This blog aims to help anyone who writes, communicates or manages communications in an investment setting to:
- Transform their investment communications into a something that adds real, measurable value for the firm.
- Write in a way that better engages and informs clients and colleagues.
- Manage the process of writing.
- Meet regulatory requirements to communicate with clients in a way that is clear, fair and not misleading.
Financial services companies have long understood that retaining existing mandates and growing assets under management rests on a solid foundation of proper client service. The written word lies at the centre of the service offered to clients.
At a client reporting conference I attended in London, one of the speakers promised to tell us how to ‘achieve a fully automated client reporting process’. The speaker talked impressively about databases, organisational structures, process flows and technology. But she didn’t mention how to automate the writing of the commentary or analysis that goes into client reports. Neither did she, or any other speaker, mention how to design reports or commentary that inform and connect with readers.
I’ve written this book to help you fill that gap. I strongly believe that gaining and retaining clients rests on your ability to communicate effectively. To do that, you need to marshal the same discipline and rigorous research that your firm takes when managing money.
What is ‘Investment writing’?
By this I mean every instance where a client or colleague interacts with your written words in a way that affects their impression of you, your firm, or influences their decisions to invest, to stay invested or cash out. This includes advertising of all types, marketing materials, digital and social media, proposals (RFPs), fund reporting, research, analysis, ‘thought leadership’ and sales presentations.
Every client contact point that involves written words requires the attention of a trained and experienced investment communicator to ensure maximum effectiveness.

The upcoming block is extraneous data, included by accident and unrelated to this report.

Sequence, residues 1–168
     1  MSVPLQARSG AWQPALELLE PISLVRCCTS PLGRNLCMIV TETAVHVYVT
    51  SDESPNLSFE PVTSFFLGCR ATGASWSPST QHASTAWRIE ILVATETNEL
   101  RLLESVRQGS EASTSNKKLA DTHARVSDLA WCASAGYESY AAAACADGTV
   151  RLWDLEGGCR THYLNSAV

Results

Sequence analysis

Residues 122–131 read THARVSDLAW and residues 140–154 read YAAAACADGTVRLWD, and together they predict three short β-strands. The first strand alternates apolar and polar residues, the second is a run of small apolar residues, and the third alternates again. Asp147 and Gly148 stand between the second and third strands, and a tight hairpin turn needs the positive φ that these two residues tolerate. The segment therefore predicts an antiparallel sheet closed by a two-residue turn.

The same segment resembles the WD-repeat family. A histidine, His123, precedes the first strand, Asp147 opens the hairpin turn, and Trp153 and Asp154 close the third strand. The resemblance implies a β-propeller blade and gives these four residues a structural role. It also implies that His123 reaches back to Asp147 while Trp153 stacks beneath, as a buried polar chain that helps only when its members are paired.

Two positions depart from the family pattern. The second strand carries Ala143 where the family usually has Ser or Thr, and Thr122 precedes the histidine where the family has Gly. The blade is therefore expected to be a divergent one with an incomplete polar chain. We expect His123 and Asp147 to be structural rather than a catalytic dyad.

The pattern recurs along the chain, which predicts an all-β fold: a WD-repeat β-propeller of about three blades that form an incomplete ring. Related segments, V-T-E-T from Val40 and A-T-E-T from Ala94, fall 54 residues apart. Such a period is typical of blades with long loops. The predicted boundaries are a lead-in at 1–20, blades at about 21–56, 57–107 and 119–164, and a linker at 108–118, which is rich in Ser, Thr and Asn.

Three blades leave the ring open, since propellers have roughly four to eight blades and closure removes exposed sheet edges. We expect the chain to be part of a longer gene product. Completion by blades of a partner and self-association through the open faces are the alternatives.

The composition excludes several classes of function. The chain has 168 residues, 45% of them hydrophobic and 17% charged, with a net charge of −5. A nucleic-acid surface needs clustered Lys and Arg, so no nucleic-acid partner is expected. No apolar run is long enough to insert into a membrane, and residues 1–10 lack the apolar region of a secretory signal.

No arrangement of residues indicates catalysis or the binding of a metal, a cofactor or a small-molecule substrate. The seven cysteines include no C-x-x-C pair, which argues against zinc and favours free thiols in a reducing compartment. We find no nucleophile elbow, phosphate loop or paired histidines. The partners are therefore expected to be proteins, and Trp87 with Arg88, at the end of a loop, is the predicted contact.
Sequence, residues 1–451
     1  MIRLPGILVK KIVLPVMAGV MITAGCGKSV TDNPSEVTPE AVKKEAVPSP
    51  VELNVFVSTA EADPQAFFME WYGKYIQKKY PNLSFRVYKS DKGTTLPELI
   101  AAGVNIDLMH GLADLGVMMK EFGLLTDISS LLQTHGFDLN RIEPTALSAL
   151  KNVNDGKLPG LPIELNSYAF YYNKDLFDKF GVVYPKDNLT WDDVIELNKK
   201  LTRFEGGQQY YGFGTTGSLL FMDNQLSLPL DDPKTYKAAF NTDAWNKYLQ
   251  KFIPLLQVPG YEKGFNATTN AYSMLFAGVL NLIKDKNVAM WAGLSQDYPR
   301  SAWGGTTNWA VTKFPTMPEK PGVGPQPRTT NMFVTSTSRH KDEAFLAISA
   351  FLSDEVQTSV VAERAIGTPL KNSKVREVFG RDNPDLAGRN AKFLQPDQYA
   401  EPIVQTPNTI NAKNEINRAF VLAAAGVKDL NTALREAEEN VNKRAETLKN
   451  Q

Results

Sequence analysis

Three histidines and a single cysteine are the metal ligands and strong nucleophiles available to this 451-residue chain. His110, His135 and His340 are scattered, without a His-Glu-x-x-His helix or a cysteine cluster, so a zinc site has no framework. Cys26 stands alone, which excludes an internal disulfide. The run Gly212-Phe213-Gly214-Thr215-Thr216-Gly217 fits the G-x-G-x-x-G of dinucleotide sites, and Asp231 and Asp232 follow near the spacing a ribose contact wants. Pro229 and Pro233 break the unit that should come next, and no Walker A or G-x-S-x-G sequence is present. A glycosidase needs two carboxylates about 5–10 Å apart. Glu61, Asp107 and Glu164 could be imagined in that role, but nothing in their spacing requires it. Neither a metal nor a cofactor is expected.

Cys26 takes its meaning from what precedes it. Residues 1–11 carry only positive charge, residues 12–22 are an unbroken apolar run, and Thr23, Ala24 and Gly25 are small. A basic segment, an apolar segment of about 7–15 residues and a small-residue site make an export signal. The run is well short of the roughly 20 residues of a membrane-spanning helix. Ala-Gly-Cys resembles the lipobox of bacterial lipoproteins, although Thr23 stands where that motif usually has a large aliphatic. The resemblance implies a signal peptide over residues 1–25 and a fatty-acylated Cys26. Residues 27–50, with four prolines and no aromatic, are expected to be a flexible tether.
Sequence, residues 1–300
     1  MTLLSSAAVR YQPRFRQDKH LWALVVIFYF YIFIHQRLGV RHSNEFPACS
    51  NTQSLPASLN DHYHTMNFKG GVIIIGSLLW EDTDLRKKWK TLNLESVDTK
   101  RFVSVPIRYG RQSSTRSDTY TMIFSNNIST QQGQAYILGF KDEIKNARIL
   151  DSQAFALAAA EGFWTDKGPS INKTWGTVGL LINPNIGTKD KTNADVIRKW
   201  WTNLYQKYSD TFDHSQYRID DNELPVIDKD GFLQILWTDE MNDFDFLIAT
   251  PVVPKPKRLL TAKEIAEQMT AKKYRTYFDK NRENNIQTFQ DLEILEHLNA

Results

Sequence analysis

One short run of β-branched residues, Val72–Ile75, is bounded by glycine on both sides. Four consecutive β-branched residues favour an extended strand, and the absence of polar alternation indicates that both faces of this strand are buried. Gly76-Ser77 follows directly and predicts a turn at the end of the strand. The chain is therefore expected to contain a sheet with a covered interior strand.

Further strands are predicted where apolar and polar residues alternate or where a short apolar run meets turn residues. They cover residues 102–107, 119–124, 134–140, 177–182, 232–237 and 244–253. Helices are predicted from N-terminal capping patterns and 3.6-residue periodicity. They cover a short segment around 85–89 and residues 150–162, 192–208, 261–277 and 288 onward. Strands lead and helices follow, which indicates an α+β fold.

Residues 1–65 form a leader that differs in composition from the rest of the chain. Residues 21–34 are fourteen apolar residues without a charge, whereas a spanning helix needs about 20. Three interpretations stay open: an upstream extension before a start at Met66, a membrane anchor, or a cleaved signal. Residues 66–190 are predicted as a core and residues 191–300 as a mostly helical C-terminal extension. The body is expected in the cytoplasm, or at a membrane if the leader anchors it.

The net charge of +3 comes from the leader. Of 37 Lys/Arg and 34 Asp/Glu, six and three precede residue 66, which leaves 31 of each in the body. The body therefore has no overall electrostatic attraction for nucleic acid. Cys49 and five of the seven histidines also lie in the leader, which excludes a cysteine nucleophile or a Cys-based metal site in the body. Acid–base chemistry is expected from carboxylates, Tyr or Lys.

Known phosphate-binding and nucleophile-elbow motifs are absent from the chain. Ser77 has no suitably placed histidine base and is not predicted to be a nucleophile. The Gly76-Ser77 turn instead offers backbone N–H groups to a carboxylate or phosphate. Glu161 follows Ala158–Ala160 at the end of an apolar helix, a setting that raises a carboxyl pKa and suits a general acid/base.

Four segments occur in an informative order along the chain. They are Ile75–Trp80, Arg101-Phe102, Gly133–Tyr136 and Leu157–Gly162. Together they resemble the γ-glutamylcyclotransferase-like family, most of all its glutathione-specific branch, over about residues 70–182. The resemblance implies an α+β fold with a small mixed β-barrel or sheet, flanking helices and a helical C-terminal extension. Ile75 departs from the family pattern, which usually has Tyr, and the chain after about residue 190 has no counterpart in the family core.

An age of mistrust
The investments industry has taken a real battering over the last several years, maybe even the last two decades going back to the split capital trust scandal. Trust and belief are hard to come by. A significant portion of this book focuses on research that proves how certain types of writing can help win a reader’s trust and belief. If that sounds a bit far-fetched to you, I’ve included an extensive bibliography and suggested reading so that you can do your own research on the topic.
This book grew out of in-depth research findings I have been party to over the years. The problems this research has uncovered include:
Lack of trust—again and again I have encountered focus groups and surveys that clearly imply a total lack of trust, along with the belief that investment houses deliberately write to confuse their readers and conceal the truth that their offering is somehow deceitful or misleading.
Lack of differentiation—remove the branding and pretty pictures/graphics from the materials and both institutional and retail clients have difficulty telling one investment firm from another.
Size and length—most respondents felt intimidated by the size and wordiness of much of the materials sent out by investment houses. They mostly couldn’t be bothered to read the whole thing.
Confusing graphs and diagrams—many respondents found most graphical representations of investment topics and performance less than useless, serving only to confuse them further. This was also true of many institutional clients such as trustees of pensions and charities.
But not all the news is bad. The market material you produce does have some uses. Customers sometimes felt reassured by the presence of the marketing collateral they receive in that it acted as reassuring physical evidence of their purchase. Even though they rarely actually read it, they want to feel it in their hands.
But the conclusion is clear: few people read investment-marketing materials and they don’t believe them when they do.
In this blog, I will tell you how to fix it …